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See all 10 customer reviews
My dinner guest have decided that this will be the only way future turkeys can be served!
Lovin' Life!
I've tried about 4 different recipes and every single one not only worked, but tasted wonderful!
Loved the recipes, old favorites that have been updated and some new ones that are fabulous.

Most Helpful Customer Reviews

16 of 16 people found the following review helpful By C.S. on November 24, 2001
Format: Paperback Verified Purchase
I purchased this book only recently and tried it out over the past holiday. I can now heartily endorse it. Ms. Morgan has put together a collection of easy to follow recipes that will liven up your Thanksgiving table. Many look like your standard fare, but have been jazzed up with new preparation techniques. A perfect example is the Chiffonade of Brussel Sprouts. I have to have brussel sprouts on my table every year, but was so bored with them. I followed her technique for shredding them, then sauteeing - they came out like a warm slaw, perfectly cooked and offset with the hazelnuts - I had no leftovers at all! I will be making that dish again, for sure.
I primarily purchased the book for her section on vegetarian entrees and again, she did not let me down. The stuffed acorn squash was, as she stated, fantastic, and my vegetarian guest was thrilled.
I do have one complaint/suggestion: I wish that each recipe had said how far in advance each recipe could be prepared ahead. I believe in a book about holiday cooking, where most people begin to cook several days in advance, knowing how far in advance each thing could be prepared would have made this book ideal for anyone preparing the holiday feast. I have enough experience to figure it out myself, but not everyone does.
I believe this book is an excellent buy, however. If you like Holiday cooking and are looking to change things up a bit, you should buy this book. You will enjoy it, and so will your guest.
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14 of 14 people found the following review helpful By Richard Lambert on October 23, 2001
Format: Paperback
In "The Thanksgiving Table" Diane Morgan has kicked Thanksgiving up a notch, maybe three.
Not only has she included recipes for some of the more traditional items for Thanksgiving dinner but she has some really interesting recipes that take the traditional and give it a slight twist, Shirley LeBlonds stuffing, for example. The twist isn't in the recipes alone but in some of the table treatments as well, burlap and corrugated cardboard on a holiday table? But it works!
"The Thanksgiving Table" includes a history of the first Thanksgiving, including the menu, how traditional do you want to get? It also includes a timetable that stretches back a couple of weeks before the event, so you aren't rushing at the last minute. I feel I must mention the recipes for leftovers, I can hardly wait.
Along with the fantastic recipes are some of the most incredible photographs I have ever seen in a cookbook.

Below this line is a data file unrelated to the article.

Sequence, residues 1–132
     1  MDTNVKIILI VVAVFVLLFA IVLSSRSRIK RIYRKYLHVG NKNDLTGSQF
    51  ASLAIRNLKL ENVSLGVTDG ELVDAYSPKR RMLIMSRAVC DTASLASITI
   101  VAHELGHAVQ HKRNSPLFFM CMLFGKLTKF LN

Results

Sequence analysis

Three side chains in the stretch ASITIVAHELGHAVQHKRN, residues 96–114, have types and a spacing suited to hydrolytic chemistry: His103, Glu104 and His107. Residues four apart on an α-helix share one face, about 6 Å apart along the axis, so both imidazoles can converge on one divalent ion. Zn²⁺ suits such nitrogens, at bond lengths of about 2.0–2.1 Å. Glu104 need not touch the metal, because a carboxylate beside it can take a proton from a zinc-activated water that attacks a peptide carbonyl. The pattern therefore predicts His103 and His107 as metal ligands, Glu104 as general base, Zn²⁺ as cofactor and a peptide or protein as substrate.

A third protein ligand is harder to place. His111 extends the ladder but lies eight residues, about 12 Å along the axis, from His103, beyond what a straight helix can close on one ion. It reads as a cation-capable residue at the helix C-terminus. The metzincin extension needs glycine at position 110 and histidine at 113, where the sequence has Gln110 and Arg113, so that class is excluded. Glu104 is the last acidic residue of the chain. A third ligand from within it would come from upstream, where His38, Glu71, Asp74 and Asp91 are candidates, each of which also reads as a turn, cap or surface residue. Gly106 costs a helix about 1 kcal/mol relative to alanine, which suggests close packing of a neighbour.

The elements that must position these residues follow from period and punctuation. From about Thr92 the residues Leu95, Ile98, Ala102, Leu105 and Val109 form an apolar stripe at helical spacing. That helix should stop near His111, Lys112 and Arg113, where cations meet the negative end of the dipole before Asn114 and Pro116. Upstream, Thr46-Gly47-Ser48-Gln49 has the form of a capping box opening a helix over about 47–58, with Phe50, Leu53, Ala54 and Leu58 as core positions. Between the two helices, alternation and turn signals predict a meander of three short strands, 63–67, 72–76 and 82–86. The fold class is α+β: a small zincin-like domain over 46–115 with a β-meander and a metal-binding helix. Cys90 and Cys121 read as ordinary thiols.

This is a must have for all of us who enjoy entertaining on Thanksgiving. "The Thanksgiving Table" has something for everyone, a step by step for the first timer wanting to start their own Thanksgiving tradition, or it can be used to inspire us old timers with new ideas and a fresh perspective. Well done Diane!
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10 of 10 people found the following review helpful By A Customer on November 16, 2001
Format: Paperback
Morgan offers up a wide variety of mouthwatering dishes that are easy to make and (usually) don't require an extra trip to the store or a quest for some obscure ingredient. There are main course recipes for meat-eaters and vegetarians alike, and she even includes ideas for leftovers. Best of all is the brined turkey, which is life-changing. I'll never eat turkey any other way.
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5 of 5 people found the following review helpful By Jeff Axelrod on November 28, 2003
Format: Paperback
I used the "Search Inside this Book" feature of Amazon to try out some of the recipes in this book for this year's Thanksgiving. I made the carrot pudding souffle, the jalapeno cheddar cornbread stuffing, and the sweet potato wedges. All came out wonderfully! The cornbread stuffing was the biggest hit. I strongly recommend this book.
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3 of 3 people found the following review helpful By D. Marchetti on January 17, 2007
Format: Paperback
What I love about this book is that it truly offers something for everyone, from novices looking to host their first Thanksgiving to more accomplished cooks who want to try new twists on the classics. Ms. Morgan provides plenty of clear-headed advice to guide you, from choosing the right equipment and do-ahead tips to planning your menu.

The book is organized well, and includes everything from a section on the history of Thanksgiving to a chapter on creating great meals with leftovers. There is even a chapter on vegetarian entrees. This is not to say that the star attraction (turkey)is neglected. Ms. Morgan gives us recipes for brined, barbecued, deep-fried, and roasted birds, among others; plus advice on what to look for when buying a turkey. As an added bonus, the book also includes a handful of table-decorating ideas, with "recipes" for making table centerpieces and other autumn home decor accents.

Among my favorite recipes: the fragrant walnut rolls, which my family devoured; and the cranberry chutney, with its beautiful jewel color and spice-infused flavor. You will never go back to cranberry sauce after this!